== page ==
In step 206, the smart phone 130 may automatically recognize the acoustic signal 122 using a software process running in the background. Alternatively, the user may have to activate an application on the phone by selecting an icon, from a menu of applications or the like. In this latter case, selection of the application by the user could be cued by the acoustic signal, or might be cued by display of a web page instructing the user to activate the application for phone authentication.
 In one embodiment, the acoustic signal will contain encoded information, such as a onetime unique identifier for the session, a unique session identifier or id, and the address for the web server 110 hosting the web site of interest to the user.
 In step 208, the phone 130 decodes the acoustic signal 122 and determines the address of the web server 110 and the unique session id.
 In step 210, the unique session id is communicated to an authentication server, such as the authentication server 140. For example, the signal id will be packaged in a network packet and transmitted over the second Internet connection 132 to authentication server 140. In a presently preferred embodiment, the unique session id will be cryptographically signed utilizing a private key, such as a digital certificate, stored in the smart phone 130.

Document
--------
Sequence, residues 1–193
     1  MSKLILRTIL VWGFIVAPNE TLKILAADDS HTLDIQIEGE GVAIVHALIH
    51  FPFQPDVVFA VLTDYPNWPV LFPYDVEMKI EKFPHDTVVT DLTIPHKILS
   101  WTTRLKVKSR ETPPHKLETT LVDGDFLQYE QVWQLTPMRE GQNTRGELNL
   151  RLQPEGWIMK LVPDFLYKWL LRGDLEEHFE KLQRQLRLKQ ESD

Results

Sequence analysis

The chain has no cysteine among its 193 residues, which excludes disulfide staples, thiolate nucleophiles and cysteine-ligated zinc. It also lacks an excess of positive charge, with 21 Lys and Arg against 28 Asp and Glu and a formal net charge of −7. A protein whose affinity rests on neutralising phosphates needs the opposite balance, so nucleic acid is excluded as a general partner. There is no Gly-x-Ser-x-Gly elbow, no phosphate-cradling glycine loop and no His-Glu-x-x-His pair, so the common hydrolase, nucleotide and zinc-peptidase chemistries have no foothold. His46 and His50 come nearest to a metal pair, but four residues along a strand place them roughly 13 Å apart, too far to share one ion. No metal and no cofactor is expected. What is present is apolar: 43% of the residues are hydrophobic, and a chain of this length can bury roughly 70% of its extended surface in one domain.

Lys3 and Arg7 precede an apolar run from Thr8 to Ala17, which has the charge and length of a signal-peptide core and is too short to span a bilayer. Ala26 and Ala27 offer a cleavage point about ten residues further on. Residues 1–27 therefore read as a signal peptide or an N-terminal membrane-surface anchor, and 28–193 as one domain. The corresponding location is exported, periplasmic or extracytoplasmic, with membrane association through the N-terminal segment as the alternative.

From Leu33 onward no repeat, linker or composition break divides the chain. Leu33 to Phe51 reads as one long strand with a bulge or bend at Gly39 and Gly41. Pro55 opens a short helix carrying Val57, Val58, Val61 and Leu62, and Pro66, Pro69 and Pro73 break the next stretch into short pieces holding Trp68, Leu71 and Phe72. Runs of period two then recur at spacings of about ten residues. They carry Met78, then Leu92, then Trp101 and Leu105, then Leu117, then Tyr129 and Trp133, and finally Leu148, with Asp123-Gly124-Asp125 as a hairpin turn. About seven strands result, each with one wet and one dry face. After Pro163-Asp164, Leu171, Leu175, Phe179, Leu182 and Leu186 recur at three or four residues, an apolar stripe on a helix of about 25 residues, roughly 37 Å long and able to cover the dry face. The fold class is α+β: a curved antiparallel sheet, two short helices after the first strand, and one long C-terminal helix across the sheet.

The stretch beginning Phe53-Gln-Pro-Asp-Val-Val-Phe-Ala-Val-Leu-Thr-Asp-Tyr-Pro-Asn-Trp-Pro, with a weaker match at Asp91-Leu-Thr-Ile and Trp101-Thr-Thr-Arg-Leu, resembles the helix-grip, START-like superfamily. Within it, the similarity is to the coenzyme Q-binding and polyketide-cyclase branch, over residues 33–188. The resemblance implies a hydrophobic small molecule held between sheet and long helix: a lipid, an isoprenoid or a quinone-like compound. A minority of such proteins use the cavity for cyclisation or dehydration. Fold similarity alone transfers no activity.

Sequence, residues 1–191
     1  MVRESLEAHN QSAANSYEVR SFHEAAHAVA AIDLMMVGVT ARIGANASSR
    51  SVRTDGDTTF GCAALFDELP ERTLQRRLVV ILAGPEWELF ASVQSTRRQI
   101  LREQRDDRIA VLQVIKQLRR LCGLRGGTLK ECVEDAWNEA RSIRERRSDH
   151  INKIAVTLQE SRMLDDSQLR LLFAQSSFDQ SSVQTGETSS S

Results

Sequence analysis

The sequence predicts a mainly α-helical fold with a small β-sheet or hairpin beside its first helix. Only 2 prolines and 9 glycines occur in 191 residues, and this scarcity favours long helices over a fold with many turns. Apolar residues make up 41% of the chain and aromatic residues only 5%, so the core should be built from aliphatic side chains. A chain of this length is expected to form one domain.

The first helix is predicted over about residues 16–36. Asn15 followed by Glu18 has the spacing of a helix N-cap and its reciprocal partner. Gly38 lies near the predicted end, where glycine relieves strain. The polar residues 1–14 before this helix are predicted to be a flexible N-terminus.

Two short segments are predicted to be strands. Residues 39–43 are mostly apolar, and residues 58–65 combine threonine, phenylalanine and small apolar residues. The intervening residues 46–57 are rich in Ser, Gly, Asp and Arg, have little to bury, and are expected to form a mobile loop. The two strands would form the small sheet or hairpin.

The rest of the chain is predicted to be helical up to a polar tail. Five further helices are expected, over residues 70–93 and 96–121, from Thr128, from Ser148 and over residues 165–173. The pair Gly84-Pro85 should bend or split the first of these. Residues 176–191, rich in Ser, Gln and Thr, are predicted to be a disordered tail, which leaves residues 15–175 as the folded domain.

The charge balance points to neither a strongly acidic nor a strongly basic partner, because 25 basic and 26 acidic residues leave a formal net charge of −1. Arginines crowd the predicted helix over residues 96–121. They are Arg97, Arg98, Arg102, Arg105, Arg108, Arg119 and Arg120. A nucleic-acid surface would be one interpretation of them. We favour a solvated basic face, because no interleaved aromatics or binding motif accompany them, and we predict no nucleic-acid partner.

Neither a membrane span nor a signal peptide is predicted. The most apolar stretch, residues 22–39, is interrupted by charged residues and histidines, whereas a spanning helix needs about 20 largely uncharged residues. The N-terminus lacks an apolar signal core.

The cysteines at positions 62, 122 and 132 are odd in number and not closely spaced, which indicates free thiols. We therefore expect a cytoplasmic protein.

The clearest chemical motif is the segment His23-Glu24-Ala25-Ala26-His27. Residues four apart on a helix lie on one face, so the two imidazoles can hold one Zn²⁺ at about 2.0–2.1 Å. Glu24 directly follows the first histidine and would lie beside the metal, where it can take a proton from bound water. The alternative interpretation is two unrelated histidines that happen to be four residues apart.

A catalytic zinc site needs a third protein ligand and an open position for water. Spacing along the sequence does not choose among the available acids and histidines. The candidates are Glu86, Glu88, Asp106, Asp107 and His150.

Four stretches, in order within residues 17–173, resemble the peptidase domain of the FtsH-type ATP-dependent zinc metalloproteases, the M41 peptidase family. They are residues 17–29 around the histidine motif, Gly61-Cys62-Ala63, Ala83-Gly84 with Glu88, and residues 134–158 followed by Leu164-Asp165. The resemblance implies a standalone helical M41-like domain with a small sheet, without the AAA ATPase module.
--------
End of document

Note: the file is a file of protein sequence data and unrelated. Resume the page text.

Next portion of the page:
In step 212, the authentication server 140 verifies the digital signature, thus verifying the smart phone storing that signature is within a predetermined distance of the personal computer 120 and by implication that the owner of the phone is present at the personal computer 120 and not some imposter.
 In step 214, the authentication server communicates the verification to the web server 110. Upon positive verification, the web site accepts the user, the web server 110 sends a message to the web browser of personal computer 120 through the first Internet connection 112, and the login request is automatically removed from the display and the session commences with the user being given access to a secure area.